Christmas in July Reader Give Away

Happy Christmas in July! Welcome to the 17th blog in this Christmas in July Reader Giveaway, which runs July 12-23, 2021. At the bottom of each author’s blog post, you will find the secret words. Write them all down and provide the provide the entire answer on this Google form

Note: You must grab all the secret words from every author in the Christmas in July Reader Giveaway to be eligible to win a $400 Amazon gift card. At the end of this blog post is a link to the next blog, and so on, to the final blog post (20 in all). At each blog stop, the author will also give away a copy or copies of their featured Christmas book.

Don’t we sometimes need Christmas excitement in the summer months? I hope the Christmas in July Giveaway will add fun to your summer and the many books shown will fill you with reading pleasure.

Gift of the Magpie has a story before the story in how it was born.

One day, I perused Christmas book covers on Amazon. O. Henry’s story, “Gift of the Magi,” popped into my mind. Remember, that’s the story in which a couple agonizes over the gift they’ll give each other for Christmas. She cuts and sells her hair to buy a chain for his treasured watch, and he sells his watch to buy a comb for her treasured hair. 

On the heels of that thought, the words “gift of the magpie” flashed into my brain. Huh. How could I write a winter romance named Gift of the Magpie? Something different than O. Henry’s tale. Like popping popcorn, scene ideas populated my imagination. 

About that time, I read what author David Baldacci said in an interview, “If you can take a little slice of the world and a little piece of dirt and really focus on details, you can drive large, seemingly spectacular movements.”

Hmm. A snowstorm where they don’t have enough snowplows to handle the roads would limit the world. Richmond, Virginia, where I lived for about 30 years would provide a slice of the world. The area between, and including, the hero’s and heroine’s houses was “a little piece of dirt.”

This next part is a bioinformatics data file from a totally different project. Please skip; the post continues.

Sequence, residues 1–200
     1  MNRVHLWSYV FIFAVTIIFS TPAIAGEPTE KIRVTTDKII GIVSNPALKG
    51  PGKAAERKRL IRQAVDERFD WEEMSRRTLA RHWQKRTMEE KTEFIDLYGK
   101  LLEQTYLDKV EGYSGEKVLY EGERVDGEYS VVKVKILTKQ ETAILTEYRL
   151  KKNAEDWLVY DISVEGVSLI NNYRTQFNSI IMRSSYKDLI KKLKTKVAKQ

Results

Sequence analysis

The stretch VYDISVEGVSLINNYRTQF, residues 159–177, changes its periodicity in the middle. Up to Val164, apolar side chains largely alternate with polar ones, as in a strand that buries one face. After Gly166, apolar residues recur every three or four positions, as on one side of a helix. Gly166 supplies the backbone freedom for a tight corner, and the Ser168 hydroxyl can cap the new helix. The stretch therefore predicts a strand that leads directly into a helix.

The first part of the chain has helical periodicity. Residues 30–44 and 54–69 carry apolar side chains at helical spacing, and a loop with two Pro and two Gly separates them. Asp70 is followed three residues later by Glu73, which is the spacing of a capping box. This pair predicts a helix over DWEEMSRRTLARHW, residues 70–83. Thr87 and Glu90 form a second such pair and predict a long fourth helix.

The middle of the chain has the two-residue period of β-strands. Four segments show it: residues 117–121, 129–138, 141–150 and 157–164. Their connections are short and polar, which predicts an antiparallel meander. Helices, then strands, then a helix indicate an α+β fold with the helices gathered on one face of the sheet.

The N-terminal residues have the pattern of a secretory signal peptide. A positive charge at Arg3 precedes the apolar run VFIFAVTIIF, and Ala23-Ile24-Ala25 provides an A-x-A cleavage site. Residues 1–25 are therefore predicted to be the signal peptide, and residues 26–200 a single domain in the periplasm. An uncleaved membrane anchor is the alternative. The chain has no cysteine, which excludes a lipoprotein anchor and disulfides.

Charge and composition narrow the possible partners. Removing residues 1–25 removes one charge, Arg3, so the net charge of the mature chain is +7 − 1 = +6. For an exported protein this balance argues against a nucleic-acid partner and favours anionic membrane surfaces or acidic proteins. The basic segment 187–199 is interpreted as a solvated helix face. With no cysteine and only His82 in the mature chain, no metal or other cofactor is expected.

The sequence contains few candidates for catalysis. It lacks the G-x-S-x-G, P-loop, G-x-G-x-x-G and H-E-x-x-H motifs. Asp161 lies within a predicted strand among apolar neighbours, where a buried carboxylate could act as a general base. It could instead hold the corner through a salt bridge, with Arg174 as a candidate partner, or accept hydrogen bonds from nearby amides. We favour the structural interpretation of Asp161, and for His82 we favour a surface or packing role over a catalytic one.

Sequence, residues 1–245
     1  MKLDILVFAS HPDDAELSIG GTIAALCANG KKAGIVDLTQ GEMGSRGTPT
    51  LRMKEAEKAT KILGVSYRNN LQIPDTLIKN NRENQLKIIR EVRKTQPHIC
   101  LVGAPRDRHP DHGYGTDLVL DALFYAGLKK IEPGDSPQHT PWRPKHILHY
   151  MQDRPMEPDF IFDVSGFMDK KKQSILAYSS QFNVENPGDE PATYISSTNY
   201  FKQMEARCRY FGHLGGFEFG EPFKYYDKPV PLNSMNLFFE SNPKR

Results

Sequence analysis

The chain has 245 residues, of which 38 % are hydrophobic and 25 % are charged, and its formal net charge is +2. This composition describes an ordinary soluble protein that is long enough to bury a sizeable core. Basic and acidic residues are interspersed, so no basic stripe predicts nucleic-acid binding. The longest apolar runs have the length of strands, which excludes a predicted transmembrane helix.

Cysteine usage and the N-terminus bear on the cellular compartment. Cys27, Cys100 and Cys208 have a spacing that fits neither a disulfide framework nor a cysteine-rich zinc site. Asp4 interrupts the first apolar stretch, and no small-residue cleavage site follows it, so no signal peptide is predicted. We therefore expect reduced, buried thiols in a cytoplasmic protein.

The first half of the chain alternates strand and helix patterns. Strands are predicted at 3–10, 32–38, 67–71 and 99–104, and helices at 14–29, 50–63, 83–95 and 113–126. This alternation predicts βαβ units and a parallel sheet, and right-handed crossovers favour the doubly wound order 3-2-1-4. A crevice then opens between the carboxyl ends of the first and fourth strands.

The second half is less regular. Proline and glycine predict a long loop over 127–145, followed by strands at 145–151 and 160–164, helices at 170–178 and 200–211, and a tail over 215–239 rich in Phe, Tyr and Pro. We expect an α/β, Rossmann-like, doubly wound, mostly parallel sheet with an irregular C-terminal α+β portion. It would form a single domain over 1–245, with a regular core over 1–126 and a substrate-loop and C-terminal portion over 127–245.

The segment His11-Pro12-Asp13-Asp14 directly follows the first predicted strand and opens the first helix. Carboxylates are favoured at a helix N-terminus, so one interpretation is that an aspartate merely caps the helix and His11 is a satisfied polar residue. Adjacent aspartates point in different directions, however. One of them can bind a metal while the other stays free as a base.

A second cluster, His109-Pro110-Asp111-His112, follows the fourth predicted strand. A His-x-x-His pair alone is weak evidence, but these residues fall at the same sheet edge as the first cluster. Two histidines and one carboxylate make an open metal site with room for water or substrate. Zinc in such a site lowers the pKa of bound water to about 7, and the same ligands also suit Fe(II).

So, on that limited turf, I focused on the details and the relationship between two opposites. Amanda and Cam’s story was born in Gift of the Magpie, a book that can lift reader’s spirits at Christmas or any time of the year.

Gift of the Magpie

What do a snowstorm, a deadline, and an embarrassing disaster have in common? Camden Lancaster.

Middle school English teacher, Amanda Larrowe must forgo the Christmas activities with family to meet the deadline on her middle grade book for boys. But when photographer Camden Lancaster parks a moving van at the house across the street after Richmond, Virginia’s huge snowstorm, Amanda plans to hide from the guy who ignored her following their perfect Valentine’s Day date in high school. Now, when Cam doesn’t recognize her on their first two encounters, she thinks it’s safe to be his fair-weather neighbor. Boy is she wrong.

The magpie is not a bird in the story.

For a chance to win one of two e-book copies of Gift of the Magpie (USA only, please), tell me what are Amanda’s (she has two) and Cam’s jobs in Gift of the Magpie’s blurb above. Three jobs in all.

Now it’s time for the secret words: done unto you.

Save the secret words, and when you reach the final blog, enter all the secret words on this form for a chance to win a $400 Amazon gift card!

Thank you so much for visiting! The final author on the tour is Sherry Kyle and her Christmas book Forever Yours This Christmas. You can find it at this link. Remember, this Christmas in July Reader Giveaway will end on July 23 at 8 PM EST!

10 Simple Edits for Critique Partners

image by slightly_different

Zoe has developed a guiding resource for beginning writers. Her method is designed for brainstorming, shaping, and revising an early draft of a manuscript. General and specific tips are offered for applying rules of writing to enhance one’s story for a workable second draft. By exploring the plot line of Love Comes Softly writers may examine their own work for stronger plot and characterization. Valuable tools are offered that enable the writer to develop a workable draft in 30 days! —Yvonne Lehman, award-winning, best-selling author of 48 novels

Learn more at the end of the post.

Besides looking for heavier story problems, you can look below for simple errors that crop up in your critique partners’ submissions. 

Simple Edits 

1. Then. Place a comma before “then” in sentences.

Incorrect: Elmo raised his eyebrows then smiled.

Correct: Elmo raised his eyebrows, then smiled.